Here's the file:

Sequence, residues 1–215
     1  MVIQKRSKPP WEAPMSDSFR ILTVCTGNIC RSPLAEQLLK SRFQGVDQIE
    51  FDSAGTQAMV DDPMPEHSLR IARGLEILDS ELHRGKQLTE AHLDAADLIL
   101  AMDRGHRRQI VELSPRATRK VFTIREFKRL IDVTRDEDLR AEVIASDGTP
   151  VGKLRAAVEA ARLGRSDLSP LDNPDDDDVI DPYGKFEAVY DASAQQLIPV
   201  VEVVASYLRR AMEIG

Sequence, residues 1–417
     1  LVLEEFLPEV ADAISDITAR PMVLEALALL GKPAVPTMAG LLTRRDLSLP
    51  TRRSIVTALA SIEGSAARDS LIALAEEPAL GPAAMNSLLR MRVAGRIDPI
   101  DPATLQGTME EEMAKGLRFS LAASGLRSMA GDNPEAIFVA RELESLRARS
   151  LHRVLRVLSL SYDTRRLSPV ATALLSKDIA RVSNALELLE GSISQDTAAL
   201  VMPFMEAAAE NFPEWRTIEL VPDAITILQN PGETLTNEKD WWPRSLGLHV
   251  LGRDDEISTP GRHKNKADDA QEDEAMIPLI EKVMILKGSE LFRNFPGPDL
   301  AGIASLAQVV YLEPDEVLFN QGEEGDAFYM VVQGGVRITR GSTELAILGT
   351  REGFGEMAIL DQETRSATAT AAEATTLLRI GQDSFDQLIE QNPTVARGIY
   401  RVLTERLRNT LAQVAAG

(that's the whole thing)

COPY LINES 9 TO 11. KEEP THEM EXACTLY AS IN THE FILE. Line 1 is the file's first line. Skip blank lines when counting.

    51  TRRSIVTALA SIEGSAARDS LIALAEEPAL GPAAMNSLLR MRVAGRIDPI
   101  DPATLQGTME EEMAKGLRFS LAASGLRSMA GDNPEAIFVA RELESLRARS
   151  LHRVLRVLSL SYDTRRLSPV ATALLSKDIA RVSNALELLE GSISQDTAAL